For years, health advocates have been pushing to ban some flame retardants for their potentially harmful effects, especially on young children and infants. Now scientists report these compounds could play a role in a common health problem for one of our most beloved pets: cats. In the ACS journal Environmental Science & Technology, a new study found that cats with hyperthyroidism had high levels of certain flame retardants, hinting at a possible link.
Jessica Norrgran and colleagues explain that more than 10 percent of older cats develop hyperthyroidism, a hormonal disorder that can cause weight loss, hyperactivity, aggression, vomiting and other symptoms. In humans, the condition has been linked to Graves' disease and iodine deficiency. No one knows for sure what causes hyperthyroidism in cats. Some studies have suggested a connection between the feline condition and flame retardants. These substances leach from plastics and furniture, and accumulate in dust that can end up on cats' fur. The animals' meticulous grooming methods make them particularly susceptible to exposure to these compounds. Norrgran's team wanted to investigate this potential link further.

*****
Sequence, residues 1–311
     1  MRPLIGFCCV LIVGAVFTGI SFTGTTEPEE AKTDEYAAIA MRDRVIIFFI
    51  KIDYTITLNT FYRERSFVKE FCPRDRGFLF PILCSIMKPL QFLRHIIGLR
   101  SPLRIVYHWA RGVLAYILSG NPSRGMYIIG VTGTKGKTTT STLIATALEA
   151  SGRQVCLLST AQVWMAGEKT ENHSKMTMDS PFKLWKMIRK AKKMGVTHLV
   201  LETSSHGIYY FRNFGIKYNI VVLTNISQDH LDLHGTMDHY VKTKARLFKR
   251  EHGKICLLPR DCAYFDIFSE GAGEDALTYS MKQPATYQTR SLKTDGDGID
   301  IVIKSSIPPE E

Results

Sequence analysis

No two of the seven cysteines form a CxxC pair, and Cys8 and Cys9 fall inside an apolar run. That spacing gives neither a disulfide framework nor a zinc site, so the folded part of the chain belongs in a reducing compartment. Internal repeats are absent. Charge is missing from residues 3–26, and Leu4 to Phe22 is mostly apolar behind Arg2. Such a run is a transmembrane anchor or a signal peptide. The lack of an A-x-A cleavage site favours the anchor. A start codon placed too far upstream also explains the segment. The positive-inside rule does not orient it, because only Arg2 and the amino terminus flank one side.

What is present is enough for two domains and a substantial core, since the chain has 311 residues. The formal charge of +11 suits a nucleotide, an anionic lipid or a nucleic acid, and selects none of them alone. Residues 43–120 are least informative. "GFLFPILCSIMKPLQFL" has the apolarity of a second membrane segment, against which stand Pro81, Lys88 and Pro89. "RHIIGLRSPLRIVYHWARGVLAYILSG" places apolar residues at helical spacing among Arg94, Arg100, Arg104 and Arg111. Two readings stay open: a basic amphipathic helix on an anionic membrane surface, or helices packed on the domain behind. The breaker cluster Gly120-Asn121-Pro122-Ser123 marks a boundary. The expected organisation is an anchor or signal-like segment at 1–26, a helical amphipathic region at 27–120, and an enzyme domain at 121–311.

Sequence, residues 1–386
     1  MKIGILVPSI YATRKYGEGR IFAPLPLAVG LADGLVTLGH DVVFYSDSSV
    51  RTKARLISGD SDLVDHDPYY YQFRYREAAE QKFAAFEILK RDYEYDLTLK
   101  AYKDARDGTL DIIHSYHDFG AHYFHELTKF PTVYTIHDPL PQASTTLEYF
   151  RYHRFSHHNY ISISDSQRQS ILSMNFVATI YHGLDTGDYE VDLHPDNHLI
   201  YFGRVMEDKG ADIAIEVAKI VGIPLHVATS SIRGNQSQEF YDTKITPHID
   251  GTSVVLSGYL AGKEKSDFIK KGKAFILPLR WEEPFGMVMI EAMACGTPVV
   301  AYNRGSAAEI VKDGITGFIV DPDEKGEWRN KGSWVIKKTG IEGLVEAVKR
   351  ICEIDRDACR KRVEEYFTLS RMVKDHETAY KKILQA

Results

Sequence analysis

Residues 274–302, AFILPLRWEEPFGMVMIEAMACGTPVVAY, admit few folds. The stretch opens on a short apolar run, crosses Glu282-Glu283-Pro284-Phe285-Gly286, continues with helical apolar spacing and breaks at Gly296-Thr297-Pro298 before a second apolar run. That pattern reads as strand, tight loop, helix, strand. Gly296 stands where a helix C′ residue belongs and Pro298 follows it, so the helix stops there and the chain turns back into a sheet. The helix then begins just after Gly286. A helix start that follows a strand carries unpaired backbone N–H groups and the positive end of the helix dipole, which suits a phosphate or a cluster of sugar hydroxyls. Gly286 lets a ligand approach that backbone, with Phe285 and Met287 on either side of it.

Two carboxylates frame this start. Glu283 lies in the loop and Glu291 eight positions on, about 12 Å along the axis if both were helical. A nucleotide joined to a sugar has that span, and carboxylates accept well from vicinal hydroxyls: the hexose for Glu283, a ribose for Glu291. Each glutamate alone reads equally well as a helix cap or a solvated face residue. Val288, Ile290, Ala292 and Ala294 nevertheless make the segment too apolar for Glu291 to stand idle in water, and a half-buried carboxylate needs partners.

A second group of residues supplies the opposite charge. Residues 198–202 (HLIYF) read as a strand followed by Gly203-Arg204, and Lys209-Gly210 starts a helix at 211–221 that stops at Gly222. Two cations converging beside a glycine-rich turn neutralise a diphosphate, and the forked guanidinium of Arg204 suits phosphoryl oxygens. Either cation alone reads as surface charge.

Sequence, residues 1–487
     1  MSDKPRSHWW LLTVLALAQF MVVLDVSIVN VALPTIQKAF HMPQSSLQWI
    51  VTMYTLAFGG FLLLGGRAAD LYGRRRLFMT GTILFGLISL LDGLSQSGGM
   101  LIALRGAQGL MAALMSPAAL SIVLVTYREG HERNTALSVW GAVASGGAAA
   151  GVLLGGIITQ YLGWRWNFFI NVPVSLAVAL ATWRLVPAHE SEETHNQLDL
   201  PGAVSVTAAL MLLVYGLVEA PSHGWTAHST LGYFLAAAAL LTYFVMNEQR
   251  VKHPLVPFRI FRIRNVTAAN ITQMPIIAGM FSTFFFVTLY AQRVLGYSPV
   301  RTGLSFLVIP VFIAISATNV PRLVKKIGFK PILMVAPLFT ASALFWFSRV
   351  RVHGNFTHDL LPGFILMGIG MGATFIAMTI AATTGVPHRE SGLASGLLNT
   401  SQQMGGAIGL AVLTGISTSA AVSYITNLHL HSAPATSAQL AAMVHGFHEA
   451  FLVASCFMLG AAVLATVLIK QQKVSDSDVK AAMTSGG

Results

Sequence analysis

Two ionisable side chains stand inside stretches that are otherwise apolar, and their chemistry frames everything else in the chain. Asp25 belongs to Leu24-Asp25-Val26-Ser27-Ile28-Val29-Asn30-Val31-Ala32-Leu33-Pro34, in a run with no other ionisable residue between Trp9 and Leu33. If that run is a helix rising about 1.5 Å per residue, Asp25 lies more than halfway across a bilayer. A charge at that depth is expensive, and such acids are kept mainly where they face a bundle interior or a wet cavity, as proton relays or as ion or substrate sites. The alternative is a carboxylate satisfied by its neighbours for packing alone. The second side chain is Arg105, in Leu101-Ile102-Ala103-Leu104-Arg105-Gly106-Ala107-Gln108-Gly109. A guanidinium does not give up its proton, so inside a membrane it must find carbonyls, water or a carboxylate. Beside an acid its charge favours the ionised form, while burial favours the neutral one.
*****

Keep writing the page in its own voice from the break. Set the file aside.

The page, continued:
The researchers tested blood samples from pet felines in Sweden -- 37 hyperthyroid cats and 23 cats with normal thyroid function. They found that those with hyperthyroidism had elevated levels of flame retardants known as polybrominated diphenyl ethers (PBDEs). Although the results don't prove that the compounds cause the disorder, the study suggests they could be linked.